equine clicker training

using precision and positive reinforcement to teach horses and people

Tag Archive for ‘marker signals’

ASAT Conference 2018: Emily Larlham on ” Using multiple markers to prevent mixed messages.”

This is the fourth in a series of posts based on my notes from the 2018 Art and Science of Animal Training Conference that was held in Irving, Texas on March 24-25, 2018. While I try to take accurate notes, it is possible that there are errors or that some detail is lacking. If you post a comment or email me, I can try to clarify or provide some additional […]

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ASAT Conference 2017: Dr. Jesús Rosales-Ruiz on “Conditioned Reinforcers are Worth Maintaining.”

In this short presentation, Jesús Rosales-Ruiz revisited the question: “Do I have to treat every time I click?” He said that this question constantly comes up and that different trainers have different answers. Before I share the details of his presentation, I want to mention that he said he chose to use the words “click” and “treat” because he was trying to avoid using too much scientific jargon.    But, as he […]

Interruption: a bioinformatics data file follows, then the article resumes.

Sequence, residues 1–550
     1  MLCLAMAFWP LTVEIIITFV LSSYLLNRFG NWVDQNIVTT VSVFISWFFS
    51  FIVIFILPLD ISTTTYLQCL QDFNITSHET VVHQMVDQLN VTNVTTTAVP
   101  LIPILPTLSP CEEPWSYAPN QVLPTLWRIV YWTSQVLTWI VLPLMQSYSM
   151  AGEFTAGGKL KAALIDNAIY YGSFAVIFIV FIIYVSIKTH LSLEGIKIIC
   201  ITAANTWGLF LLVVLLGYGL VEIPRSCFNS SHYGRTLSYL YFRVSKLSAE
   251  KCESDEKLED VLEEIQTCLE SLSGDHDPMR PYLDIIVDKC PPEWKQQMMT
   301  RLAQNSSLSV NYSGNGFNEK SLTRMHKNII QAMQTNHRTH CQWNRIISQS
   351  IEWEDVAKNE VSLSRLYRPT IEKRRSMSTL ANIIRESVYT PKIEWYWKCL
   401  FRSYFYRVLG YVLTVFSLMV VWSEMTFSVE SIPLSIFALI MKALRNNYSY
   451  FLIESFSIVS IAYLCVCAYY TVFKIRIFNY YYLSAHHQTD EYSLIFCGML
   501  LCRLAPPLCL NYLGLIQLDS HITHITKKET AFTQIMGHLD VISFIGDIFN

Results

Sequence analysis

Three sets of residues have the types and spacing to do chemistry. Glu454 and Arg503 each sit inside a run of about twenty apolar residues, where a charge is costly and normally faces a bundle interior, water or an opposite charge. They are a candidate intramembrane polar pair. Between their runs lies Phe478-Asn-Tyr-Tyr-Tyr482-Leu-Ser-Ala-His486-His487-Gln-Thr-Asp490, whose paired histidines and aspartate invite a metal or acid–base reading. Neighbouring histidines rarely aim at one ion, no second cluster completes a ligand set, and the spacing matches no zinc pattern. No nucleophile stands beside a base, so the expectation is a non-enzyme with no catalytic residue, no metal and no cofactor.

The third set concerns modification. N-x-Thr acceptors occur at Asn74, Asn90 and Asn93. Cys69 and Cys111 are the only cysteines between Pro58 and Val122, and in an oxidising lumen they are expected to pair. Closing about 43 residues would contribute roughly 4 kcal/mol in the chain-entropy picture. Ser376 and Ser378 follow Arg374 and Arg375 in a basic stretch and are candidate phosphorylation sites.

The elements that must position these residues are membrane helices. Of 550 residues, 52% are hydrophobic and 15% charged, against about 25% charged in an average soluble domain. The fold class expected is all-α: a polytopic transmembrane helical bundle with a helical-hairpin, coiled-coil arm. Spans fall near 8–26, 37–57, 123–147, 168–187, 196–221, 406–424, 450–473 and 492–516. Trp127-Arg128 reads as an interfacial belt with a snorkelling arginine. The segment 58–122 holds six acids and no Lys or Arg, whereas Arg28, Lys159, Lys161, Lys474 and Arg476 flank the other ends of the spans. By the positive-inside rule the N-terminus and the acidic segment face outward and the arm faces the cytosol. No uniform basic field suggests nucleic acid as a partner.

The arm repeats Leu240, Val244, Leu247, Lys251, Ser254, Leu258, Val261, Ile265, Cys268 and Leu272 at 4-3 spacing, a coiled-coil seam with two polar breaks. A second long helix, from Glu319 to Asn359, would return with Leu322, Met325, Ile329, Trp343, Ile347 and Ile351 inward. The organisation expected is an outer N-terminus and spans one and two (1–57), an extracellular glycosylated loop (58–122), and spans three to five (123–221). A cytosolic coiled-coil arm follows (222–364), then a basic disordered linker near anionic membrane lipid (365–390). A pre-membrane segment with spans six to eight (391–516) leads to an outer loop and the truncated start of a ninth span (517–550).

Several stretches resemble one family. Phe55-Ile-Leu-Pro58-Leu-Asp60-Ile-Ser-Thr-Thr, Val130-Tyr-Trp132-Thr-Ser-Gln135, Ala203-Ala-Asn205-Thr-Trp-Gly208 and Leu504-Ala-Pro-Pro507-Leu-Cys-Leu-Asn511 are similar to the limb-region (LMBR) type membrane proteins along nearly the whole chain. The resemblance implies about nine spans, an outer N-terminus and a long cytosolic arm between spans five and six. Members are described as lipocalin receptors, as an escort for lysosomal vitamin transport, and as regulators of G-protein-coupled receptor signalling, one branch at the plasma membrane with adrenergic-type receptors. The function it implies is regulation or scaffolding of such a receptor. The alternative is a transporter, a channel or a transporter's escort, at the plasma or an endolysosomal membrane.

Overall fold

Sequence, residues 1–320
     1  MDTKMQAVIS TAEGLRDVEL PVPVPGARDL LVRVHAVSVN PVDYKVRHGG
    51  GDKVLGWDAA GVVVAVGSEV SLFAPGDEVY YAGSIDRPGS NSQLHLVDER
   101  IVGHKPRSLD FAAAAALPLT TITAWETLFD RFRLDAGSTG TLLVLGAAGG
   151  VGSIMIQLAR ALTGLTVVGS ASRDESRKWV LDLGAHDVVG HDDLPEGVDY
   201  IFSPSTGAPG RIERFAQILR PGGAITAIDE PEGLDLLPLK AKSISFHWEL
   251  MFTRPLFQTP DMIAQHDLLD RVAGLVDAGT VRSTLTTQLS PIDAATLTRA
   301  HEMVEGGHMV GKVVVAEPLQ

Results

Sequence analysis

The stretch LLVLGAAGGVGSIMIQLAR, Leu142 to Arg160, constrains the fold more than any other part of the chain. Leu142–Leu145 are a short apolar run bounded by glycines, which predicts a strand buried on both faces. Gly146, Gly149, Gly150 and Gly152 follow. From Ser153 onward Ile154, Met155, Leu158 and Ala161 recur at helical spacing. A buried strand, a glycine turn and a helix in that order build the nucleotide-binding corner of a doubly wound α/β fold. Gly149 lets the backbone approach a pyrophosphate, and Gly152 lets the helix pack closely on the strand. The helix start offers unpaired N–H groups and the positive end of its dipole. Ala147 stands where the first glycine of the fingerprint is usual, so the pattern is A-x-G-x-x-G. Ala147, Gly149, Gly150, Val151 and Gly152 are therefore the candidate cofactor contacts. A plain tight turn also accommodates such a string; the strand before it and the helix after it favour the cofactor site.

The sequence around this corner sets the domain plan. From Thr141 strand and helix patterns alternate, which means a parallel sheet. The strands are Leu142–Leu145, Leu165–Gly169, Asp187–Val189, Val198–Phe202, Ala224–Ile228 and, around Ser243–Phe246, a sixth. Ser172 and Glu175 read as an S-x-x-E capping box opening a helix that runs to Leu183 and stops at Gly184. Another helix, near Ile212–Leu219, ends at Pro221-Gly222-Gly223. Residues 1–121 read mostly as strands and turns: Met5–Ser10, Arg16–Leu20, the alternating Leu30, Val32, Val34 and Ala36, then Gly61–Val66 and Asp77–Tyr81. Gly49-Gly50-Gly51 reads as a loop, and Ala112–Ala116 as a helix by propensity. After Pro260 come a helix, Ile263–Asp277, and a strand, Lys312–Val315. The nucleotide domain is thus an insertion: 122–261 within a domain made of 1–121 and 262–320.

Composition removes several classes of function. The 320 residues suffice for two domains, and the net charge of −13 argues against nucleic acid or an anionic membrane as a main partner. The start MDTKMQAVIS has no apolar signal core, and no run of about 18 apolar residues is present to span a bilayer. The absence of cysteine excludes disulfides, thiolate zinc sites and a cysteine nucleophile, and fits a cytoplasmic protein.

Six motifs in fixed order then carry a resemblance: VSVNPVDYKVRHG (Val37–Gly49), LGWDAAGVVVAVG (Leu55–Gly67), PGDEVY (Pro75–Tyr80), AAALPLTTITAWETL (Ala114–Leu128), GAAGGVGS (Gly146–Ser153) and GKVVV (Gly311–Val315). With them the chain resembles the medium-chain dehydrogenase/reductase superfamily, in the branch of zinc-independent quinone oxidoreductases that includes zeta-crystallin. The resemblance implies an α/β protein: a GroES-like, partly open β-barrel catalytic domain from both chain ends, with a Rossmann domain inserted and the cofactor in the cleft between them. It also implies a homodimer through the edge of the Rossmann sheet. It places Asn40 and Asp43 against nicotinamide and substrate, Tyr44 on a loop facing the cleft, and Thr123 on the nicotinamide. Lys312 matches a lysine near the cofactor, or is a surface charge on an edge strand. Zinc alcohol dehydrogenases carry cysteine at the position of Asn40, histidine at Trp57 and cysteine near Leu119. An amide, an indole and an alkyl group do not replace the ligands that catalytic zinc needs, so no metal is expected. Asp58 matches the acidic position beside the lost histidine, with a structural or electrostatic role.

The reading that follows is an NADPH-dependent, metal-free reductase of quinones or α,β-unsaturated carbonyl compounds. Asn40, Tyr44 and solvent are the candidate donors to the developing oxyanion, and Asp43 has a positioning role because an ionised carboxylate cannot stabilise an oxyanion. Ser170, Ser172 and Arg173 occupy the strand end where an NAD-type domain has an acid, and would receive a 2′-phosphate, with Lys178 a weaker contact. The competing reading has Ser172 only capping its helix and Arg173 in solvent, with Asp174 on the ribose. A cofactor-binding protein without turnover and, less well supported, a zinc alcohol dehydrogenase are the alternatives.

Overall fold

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Marker Signals: Thinking Beyond the Click

Clicker training gets its name from the use of a clicker (or click) to mark behavior, but that doesn’t mean that a clicker is the only effective way to mark behavior. A clicker is just one of the most frequently used options because it is short, salient, and produces the same sound every time (mostly…). It also has the advantage that it’s a novel sound for most animals, so there are […]

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One of the advantages of clicker training is that the use of a marker signal (the click) allows the trainer to tell the animal exactly what behavior she is reinforcing. When we observe an animal, it is tempting to think of behavior as discrete units, but a more accurate description of behavior would be what Dr. Susan Friedman calls a “stream of behavior,” where behavior is constantly changing and each […]

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